The South Memphis String Band is Luther Dickinson (NMAS, Black Crowes), Alvin Youngblood Hart and Jimbo Mathus (Squirrel Nut Zippers). Home Sweet Home counts as the group's debut release. These guys have been playing music together for years so it's no surprise the cohesive nature of these old-time 12 songs sound brilliant. Before he died last year, Luther's father Jim wrote this about The South Memphis String Band:
"Spring thaw. The voice of the turtle is heard in the land. Nature's miracle of rebirth fills the breeze with the sweet smell of Easter blossoms. It's a good time to listen to the blues. As the free world teeters once again on the terrifying brink of depression, return with us now to those bygone days of yesteryear and lose your troubles in the timeless songs of the South Memphis String Band. Three younger contemporary blues artists, each in his own right a rising star. Three modern Mississippi musicians on a knight's quest to retrieve, preserve and carry into the future America's most unique and meaningful musical statement. String Band music from the Mississippi Skeiks and Cannon's Jug Stompers to the South Carolina Chocolate Drops represent to scholars the pre be bop of the South. Sophisticated chord progressions syncopate into what appears to be medicine show vaudeville humor yet with a dark core of philosophic irony that gives modern relevance and meaning to an antique form.
"These three musicians are each different yet the same. Luther Dickinson's good natured slide has spread the North Mississippi Hill Country Boogie to the world. Jimbo Mathus is the singing voice of Huckleberry Finn. The mighty Alvin Youngblood Hart is a force of nature and perhaps the best modern purveyor of the early Delta blues alive today. So pull up a chair and pour some gin in your glass. If you don't dig this there is seriously something wrong with you."
"Jesse James" opens the disc. The song sounds as if it was recorded in the 1930s, and still retains a timeless quality for an old musical story. Hart's banjo-playing propels "Deep Blue Sea" as Dickinson and Mathus serve as side-instrumentalists on this handed-down composition. "Old Hen" incorporates the blues, country and bluegrass into one streamlined sound as Dickinson sings the ballad narrative.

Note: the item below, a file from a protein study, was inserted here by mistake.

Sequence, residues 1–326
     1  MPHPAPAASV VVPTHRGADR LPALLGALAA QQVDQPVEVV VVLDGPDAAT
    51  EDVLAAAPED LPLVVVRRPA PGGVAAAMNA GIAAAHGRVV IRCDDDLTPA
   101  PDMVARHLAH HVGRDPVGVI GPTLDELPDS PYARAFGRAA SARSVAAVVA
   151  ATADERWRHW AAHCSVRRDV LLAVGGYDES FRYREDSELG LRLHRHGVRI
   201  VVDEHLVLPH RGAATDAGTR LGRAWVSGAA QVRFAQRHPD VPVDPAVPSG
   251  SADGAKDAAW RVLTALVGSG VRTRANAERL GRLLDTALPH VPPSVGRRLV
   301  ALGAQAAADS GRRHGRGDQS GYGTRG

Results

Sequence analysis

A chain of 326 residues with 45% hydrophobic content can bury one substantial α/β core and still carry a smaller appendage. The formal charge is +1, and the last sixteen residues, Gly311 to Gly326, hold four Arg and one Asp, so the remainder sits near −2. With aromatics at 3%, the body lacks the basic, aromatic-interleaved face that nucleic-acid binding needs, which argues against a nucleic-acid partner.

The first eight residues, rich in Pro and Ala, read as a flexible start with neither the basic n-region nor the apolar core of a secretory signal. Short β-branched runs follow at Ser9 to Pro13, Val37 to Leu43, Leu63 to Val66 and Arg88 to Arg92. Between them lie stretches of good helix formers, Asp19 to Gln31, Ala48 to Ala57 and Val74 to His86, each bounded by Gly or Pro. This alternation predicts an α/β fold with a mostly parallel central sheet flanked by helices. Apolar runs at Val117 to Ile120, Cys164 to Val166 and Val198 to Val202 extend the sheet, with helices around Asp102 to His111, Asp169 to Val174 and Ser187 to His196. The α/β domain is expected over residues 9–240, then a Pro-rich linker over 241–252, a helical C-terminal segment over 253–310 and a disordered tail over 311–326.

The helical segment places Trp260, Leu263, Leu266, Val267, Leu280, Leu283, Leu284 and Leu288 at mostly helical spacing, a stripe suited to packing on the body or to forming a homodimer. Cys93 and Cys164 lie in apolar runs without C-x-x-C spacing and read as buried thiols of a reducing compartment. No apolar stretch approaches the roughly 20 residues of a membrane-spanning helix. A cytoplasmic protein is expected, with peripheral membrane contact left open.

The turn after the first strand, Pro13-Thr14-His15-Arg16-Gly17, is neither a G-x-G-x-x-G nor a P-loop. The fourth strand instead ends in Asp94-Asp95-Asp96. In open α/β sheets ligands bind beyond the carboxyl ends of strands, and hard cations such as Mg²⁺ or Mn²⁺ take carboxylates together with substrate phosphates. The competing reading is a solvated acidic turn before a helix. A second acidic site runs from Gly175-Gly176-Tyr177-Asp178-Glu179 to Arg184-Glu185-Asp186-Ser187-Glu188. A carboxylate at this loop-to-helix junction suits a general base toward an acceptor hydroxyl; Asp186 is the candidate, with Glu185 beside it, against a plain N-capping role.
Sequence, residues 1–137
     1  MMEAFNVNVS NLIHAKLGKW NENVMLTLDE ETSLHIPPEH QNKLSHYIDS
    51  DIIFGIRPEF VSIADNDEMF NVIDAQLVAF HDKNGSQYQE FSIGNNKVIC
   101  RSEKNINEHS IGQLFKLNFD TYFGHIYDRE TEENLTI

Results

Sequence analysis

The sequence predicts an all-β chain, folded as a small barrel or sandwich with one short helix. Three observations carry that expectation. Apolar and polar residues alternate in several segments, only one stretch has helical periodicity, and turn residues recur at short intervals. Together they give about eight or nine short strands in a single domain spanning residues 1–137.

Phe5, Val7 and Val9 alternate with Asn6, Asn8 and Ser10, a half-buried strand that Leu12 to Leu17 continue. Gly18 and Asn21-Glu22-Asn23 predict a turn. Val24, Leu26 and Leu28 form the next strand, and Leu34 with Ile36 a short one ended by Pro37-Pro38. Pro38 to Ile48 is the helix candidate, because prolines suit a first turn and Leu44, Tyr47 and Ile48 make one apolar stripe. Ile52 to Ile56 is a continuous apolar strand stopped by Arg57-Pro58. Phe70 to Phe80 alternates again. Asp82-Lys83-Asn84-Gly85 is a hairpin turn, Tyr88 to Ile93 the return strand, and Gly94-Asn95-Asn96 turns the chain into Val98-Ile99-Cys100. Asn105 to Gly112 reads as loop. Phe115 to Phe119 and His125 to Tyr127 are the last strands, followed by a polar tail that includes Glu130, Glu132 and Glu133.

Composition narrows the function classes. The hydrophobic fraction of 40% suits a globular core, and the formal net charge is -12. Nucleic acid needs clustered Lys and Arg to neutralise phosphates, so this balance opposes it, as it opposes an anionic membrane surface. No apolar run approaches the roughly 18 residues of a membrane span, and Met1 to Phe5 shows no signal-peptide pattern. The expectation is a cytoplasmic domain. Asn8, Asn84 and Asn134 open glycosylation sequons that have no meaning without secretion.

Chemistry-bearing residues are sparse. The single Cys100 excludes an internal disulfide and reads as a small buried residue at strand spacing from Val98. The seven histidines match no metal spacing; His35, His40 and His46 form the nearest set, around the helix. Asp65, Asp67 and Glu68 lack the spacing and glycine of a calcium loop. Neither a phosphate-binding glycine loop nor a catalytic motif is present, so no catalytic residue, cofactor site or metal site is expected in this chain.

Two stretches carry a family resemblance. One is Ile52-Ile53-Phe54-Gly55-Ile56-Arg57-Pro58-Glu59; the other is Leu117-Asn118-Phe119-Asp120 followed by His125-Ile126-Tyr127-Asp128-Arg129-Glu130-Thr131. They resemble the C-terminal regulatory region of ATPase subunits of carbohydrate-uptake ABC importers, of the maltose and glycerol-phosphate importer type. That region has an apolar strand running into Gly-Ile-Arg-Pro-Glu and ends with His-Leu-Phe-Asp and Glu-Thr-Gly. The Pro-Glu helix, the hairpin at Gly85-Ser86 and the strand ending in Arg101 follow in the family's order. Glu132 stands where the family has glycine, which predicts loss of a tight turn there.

Mathus' original composition "Worry Bout Your Own Backyard" sounds like it could be a cut from Levon Helm's Dirt Farmer or Dust to Digital's Goodbye, Babylon. "Things Is Bout Coming My Way" emits a homespun quality you might hear in a saloon at three o'clock in the afternoon. These three musicians contain a strong chemistry between them, and their musical abilities are enhanced by one another.
Blind Willie Johnson's "Let Your Light Shine On Me" exists as a soulful, blues number that captures an Old America at its zenith. Yet, these songs were recorded in 2009. Dickinson's playing stands out on this one. "The Carrier Line" exists as some cosmic railroad country blues. "Bloody Bill Anderson" contains a banjo-mandolin-laced tune that serves as the sonic landscape to a dark tale. Hart's haunting voice resonates a chilling effect.
Jonny Lee Moore's "Eighteen Hammers" sounds like a one-take gem recorded at Zebra Ranch as the sun began to set. There's a chain-gang echo on this tune that verifies these musicians can evoke a spooky musical message. "Bootlegger's Blues", a Mississippi Sheiks song, sounds like an old Jimmie Rodgers tune where Hart convinces the listener with his strong vocal delivery.
"Dixie Darling"--an A.P. Carter song--sounds better than the original in the way these musicians interpret the musical arrangement. The title track closes the CD. Dickinson really serves as the catalyst of this group of musicians, and it's evident on this closing song. The South Memphis String Band's Home Sweet Home represents seasoned contemporary musicians paying homage to America's Old Songbook.